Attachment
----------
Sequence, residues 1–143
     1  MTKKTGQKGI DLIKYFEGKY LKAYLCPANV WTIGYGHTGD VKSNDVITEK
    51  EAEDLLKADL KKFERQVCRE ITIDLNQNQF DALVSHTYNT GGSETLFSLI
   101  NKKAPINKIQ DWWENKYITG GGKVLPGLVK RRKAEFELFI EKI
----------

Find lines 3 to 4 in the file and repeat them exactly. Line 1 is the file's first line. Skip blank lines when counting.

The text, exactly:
    51  EAEDLLKADL KKFERQVCRE ITIDLNQNQF DALVSHTYNT GGSETLFSLI
   101  NKKAPINKIQ DWWENKYITG GGKVLPGLVK RRKAEFELFI EKI